Documenting Human Rights Violations in North Korea

By Hédia Zaalouni, on 16 January 2020

Updating an earlier report from 2017, it presents four years of research that aimed to document and map three types of death penalty-related locations in the Democratic People’s Republic of Korea (North Korea):

  • locations of executions of persons sentenced to death;
  • locations where bodies are buried or cremated by the state;
  • official places that may contain documents or other evidence related to these events.

The working group used satellite imagery in interviews with persons who have escaped from the North Korean regime. Satellite images containing basic information (city name, train station, etc.) are shown to interviewees who are then asked, starting with places close to where they lived or that they know of, to point on the map to places that correspond to the three types of places described (place of execution, burial place or place that may contain evidence). Witnesses are neither assisted nor directed by the persons conducting the interview. If they are able to point to locations, then the coordinates are recorded and compiled.

To do this, the working group uses a geographic information system (GIS) to process, analyze and finally present the elements thus collected in the form of geographic data.


The importance of such research

As the authors of the report explain, this type of research is of particular importance both for investigating human rights violations and for the surviving victims of the regime, who are looking for answers.

Indeed, having a clearer picture of the sites related to human rights violations in North Korea facilitates future investigative work on the crimes committed. It would allow these sites to be preserved and classified as crime scenes in order to gather as much information as possible.

During the research, 92% of the participants felt that, in the case of transitional justice, it is necessary to exhume the bodies in order to identify the victims and return them to their families for a decent funeral.

Finally, recognition of these crimes is fundamental to the recovery of society after a totalitarian regime.

Mapping therefore adds an additional layer of understanding to the various research studies already carried out by other human rights actors, both to understand what is currently taking place in the North Korean regime and to fulfil a duty to remember the victims.

TJWG’s research in a few key points

  • The working group interviewed 610 people over 4 years.
  • 323 sites were reported as state-sanctioned execution sites and were accompanied by geographical coordinates. Of these 323 sites, 200 are in the North Hamgyong Province.
  • The most common crimes for which people are convicted in descending order are property crimes, violent crimes, political crimes, human trafficking, economic crimes.
  • 318 sites were reported as sites of public execution. Of these public executions, 19 involved more than 10 persons at the same time.
  • The most common places chosen for executions seem to be riverbanks, fields, markets, sports fields or schools.
  • The various testimonies indicate that the size of the crowds varied, but that crowds of up to 1,000 or more people came to witness the executions.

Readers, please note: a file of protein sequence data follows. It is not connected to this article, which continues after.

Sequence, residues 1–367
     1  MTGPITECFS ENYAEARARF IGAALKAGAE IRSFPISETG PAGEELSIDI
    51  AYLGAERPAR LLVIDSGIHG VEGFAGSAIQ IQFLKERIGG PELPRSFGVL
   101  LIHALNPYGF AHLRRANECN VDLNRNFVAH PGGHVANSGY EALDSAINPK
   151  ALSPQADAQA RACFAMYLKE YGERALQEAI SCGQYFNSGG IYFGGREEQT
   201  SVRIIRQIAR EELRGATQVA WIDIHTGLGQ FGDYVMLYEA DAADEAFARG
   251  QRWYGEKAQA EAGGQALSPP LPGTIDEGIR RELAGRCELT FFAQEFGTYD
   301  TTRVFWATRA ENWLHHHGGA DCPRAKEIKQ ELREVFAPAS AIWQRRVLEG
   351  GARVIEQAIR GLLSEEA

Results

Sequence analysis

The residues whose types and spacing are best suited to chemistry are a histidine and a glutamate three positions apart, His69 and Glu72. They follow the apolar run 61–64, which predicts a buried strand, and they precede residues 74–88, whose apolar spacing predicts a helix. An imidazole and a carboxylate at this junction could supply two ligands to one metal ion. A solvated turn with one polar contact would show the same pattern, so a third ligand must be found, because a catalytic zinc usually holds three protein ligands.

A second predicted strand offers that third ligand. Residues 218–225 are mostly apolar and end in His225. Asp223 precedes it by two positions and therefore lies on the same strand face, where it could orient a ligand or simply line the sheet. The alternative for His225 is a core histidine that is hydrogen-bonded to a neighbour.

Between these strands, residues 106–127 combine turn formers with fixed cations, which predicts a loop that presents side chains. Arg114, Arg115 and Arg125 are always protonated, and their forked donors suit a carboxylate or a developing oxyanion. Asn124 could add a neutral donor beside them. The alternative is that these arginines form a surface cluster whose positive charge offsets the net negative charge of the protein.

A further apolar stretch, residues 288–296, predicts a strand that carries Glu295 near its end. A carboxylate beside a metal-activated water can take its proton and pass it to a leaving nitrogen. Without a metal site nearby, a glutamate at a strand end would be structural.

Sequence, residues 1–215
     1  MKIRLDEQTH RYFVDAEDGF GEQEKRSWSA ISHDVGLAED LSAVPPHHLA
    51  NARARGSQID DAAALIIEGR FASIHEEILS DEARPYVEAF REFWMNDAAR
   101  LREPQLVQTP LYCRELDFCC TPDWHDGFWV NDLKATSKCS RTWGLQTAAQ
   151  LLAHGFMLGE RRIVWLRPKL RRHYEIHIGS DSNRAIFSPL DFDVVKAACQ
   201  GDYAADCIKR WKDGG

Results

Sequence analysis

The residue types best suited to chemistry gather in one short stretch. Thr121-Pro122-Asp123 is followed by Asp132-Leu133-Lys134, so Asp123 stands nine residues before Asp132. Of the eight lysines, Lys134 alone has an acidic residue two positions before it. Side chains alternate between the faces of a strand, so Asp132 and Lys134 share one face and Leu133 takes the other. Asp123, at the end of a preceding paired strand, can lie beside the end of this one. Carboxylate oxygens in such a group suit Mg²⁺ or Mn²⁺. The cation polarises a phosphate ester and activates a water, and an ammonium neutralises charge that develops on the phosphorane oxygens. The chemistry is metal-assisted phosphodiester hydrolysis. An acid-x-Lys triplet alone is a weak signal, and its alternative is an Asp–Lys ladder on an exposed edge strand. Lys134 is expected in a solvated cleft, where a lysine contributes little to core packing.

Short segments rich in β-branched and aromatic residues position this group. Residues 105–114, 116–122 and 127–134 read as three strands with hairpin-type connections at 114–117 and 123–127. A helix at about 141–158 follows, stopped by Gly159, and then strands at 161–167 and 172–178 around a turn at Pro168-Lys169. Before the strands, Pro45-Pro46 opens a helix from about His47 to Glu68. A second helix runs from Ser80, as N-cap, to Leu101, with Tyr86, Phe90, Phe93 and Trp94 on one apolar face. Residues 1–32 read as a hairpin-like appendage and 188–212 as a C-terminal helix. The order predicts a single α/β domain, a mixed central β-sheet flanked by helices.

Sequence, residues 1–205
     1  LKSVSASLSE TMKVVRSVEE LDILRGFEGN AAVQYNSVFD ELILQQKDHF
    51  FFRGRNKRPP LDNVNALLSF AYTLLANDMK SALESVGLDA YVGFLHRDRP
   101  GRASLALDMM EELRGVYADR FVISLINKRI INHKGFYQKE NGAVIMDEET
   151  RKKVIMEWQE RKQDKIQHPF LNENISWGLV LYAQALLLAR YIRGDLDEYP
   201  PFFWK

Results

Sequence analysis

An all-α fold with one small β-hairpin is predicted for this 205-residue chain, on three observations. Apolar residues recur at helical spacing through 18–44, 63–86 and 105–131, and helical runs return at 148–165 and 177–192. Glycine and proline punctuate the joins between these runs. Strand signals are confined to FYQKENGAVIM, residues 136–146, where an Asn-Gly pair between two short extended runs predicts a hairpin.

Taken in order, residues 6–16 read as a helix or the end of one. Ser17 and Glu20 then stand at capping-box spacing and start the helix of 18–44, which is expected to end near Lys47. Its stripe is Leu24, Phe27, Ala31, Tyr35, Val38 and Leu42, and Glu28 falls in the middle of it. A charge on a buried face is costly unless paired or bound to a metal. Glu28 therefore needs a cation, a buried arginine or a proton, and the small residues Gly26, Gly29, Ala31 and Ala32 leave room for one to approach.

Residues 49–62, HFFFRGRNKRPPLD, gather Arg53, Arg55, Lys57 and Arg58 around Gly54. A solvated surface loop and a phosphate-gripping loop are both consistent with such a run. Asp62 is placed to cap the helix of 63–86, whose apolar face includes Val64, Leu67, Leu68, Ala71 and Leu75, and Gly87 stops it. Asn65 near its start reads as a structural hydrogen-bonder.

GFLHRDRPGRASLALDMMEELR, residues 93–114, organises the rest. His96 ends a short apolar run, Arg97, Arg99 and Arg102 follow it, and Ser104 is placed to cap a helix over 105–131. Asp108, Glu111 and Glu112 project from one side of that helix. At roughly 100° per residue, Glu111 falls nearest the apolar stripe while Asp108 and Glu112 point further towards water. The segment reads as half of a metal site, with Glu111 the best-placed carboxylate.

• 83% of witnesses attended a public execution and 53% were forced to attend.
  • 16% of those who testify have at least one family member who was executed by the regime.

Lack of a fair trial

In addition to a lack of access to a lawyer, or to due process, many witnesses also indicated that the execution of convicted persons was often scheduled on the same day and place of the trial, thus underlining that the death sentence was decided in advance and that the trial was purely formal.

Moreover, trials were often held in the absence of a judge, presided over solely by officers of the regime.

The case of deaths in custody and secret executions

In addition to public executions, 20 interviews conducted since 2018 mention deaths in custody, which may involve several people at the same time.

The report states that three deaths that occurred a few days after a person’s release, but were the direct result of the detention conditions.

Finally, reference is also made to secret executions, particularly in cases where the person sentenced to death is accused of committing a crime such as murder or embezzlement.

Gathering evidence: the question of official places containing documents relating to human rights violations

The research conducted by the working group also aims to map locations that may contain death penalty-related material in North Korea. The North Korean regime is indeed known to carry out a systematic classification of the population. It uses a system called "songbun", a discriminatory system of surveillance and classification of citizens into several groups: "nucleus", "complex", "hostile".

The first 2017 report identifies places such as local police offices, intelligence offices, military units and administrative offices, which may contain data on executions and human rights violations.

For more information, click here to read the full report and here to access the map data.

Photo by Aswin Deth on Unsplash

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